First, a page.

Synthesis and Characterization of Silica-Tantala Microporous Membranes for Gas Separations Fabricated Using Chemical Vapor Deposition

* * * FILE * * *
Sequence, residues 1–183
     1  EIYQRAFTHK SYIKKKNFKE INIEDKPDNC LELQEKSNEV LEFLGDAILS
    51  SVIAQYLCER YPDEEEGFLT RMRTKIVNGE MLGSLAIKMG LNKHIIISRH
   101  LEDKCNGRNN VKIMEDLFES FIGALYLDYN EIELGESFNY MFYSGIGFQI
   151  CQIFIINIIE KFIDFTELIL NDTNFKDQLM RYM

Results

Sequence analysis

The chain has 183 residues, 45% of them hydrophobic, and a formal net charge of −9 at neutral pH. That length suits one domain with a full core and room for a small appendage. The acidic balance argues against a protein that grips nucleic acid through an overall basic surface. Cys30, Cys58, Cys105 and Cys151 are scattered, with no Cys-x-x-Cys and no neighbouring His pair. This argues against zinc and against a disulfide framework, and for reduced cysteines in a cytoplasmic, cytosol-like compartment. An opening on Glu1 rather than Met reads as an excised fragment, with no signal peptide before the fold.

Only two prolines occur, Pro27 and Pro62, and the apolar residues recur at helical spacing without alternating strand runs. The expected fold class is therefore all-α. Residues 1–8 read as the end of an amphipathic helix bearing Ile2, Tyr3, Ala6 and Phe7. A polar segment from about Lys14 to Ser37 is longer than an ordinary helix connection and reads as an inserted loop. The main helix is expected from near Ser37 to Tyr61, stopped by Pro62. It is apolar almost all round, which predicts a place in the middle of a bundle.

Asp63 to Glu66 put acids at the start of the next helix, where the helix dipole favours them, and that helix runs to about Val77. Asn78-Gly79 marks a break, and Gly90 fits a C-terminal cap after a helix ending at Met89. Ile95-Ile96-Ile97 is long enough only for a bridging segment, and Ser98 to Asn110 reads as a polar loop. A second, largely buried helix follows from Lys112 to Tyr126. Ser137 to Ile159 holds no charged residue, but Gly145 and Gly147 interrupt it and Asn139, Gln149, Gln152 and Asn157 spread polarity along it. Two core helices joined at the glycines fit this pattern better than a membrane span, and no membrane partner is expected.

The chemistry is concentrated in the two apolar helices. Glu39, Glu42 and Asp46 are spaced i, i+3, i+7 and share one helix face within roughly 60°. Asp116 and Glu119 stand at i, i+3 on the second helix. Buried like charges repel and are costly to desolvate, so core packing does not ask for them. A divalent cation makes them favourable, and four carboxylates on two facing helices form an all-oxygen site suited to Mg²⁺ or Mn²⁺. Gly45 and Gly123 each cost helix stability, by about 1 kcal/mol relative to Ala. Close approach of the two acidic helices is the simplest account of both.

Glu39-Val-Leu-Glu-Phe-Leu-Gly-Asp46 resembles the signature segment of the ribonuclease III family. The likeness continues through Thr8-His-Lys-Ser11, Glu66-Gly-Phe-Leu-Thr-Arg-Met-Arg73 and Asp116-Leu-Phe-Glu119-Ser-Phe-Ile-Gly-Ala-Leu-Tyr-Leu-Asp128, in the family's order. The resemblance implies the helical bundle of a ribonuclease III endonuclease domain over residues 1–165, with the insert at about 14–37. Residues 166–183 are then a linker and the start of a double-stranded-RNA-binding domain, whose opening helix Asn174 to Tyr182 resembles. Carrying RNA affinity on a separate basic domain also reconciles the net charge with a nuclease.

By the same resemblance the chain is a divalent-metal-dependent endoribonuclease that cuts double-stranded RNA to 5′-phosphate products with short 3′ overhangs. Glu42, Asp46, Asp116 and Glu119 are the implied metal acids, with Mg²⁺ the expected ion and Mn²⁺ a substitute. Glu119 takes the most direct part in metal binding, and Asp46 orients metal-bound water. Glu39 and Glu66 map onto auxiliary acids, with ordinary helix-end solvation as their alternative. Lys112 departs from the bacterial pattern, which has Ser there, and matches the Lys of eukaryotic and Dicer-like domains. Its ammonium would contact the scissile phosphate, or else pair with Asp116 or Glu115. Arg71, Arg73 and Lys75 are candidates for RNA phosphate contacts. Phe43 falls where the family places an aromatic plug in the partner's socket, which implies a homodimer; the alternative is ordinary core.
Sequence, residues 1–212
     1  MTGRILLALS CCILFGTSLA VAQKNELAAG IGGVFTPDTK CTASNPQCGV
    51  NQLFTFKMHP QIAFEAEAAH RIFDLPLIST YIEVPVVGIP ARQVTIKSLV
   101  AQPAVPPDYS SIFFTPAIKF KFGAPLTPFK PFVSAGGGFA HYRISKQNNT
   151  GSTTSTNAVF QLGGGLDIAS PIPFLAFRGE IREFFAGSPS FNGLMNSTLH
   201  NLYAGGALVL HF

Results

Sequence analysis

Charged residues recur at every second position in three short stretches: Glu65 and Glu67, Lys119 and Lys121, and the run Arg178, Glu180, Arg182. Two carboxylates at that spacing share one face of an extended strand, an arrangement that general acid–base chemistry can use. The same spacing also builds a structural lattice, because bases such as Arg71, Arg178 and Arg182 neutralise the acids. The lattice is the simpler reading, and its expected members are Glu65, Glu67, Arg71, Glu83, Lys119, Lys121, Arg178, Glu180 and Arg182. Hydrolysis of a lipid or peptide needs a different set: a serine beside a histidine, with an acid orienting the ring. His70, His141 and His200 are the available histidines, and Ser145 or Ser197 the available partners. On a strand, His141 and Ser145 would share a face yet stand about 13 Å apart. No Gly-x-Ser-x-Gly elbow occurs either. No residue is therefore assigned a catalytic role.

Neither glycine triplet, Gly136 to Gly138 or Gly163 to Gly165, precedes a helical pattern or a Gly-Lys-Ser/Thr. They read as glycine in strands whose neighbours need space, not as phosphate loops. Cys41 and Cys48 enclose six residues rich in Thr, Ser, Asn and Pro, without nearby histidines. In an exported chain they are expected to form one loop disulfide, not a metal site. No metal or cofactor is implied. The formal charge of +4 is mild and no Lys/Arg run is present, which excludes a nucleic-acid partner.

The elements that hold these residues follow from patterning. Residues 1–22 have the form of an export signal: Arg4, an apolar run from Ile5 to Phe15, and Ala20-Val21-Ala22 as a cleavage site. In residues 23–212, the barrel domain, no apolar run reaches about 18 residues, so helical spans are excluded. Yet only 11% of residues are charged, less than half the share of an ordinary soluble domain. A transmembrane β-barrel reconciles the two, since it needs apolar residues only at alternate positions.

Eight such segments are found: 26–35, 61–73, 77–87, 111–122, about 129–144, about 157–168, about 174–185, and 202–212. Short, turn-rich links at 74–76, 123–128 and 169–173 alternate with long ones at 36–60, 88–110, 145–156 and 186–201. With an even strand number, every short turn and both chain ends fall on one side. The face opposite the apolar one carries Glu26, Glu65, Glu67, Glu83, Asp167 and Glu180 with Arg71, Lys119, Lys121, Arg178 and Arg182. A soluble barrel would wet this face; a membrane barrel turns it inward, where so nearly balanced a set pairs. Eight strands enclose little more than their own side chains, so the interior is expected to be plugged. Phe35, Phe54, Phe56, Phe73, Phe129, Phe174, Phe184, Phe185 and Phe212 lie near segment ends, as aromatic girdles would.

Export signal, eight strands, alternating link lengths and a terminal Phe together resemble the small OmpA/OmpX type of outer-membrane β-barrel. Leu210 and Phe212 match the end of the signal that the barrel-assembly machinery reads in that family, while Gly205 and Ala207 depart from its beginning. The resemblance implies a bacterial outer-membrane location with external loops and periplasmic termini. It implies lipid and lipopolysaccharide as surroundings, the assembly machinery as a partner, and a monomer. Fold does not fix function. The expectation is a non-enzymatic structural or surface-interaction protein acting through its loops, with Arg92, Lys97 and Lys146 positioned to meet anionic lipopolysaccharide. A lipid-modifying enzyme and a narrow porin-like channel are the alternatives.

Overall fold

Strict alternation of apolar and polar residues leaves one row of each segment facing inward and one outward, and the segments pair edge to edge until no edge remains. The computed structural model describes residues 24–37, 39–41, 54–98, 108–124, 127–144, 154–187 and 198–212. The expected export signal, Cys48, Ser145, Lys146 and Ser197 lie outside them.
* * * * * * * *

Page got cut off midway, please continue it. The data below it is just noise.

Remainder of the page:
Composite membranes consisting of microporous tantalum-doped silica layers supported on mesoporous alumina substrates were fabricated using chemical vapor deposition (CVD) in both thermal decomposition and counter-flow oxidative deposition modes. Tetraethyl orthosilicate (TEOS) was used as the silica precursor and tantalum (V) ethoxide (TaEO) as the tantalum source. Amounts of TaEO from 0 mol% to 40 mol% were used in the CVD gas mixture and high H2 permeances above 10−7 mol m−2 s−1 Pa−1 were obtained for all conditions. Close examination was made of the H2/CH4 and O2/CH4 selectivities due to the potential use of these membranes in methane reforming or partial oxidation of methane applications. Increasing deposition temperature correlated with increasing H2/CH4 selectivity at the expense of O2/CH4 selectivity, suggesting a need to optimize membrane synthesis for a specific selectivity. Measured at 400 °C, the highest H2/CH4 selectivity of 530 resulted from thermal CVD at 650 °C, whereas the highest O2/CH4 selectivity of 6 resulted from thermal CVD at 600 °C. The analysis of the membranes attempted by elemental analysis, X-ray photoelectron spectroscopy, and X-ray absorption near-edge spectroscopy revealed that Ta was undetectable because of instrumental limitations. However, the physical properties of the membranes indicated that the Ta must have been present at least at dopant levels. It was found that the pore size of the resultant membranes increased from 0.35 nm for pure Si to 0.37 nm for a membrane prepared with 40 mol% Ta. Similarly, an increase in Ta in the feed resulted in an increase in O2/CH4 selectivity at the expense of H2/CH4 selectivity. Additionally, it resulted in a decrease in hydrothermal stability, with the membranes prepared with higher Ta suffering greater permeance and selectivity declines during 96 h of exposure to 16 mol% H2O in Ar at 650 °C.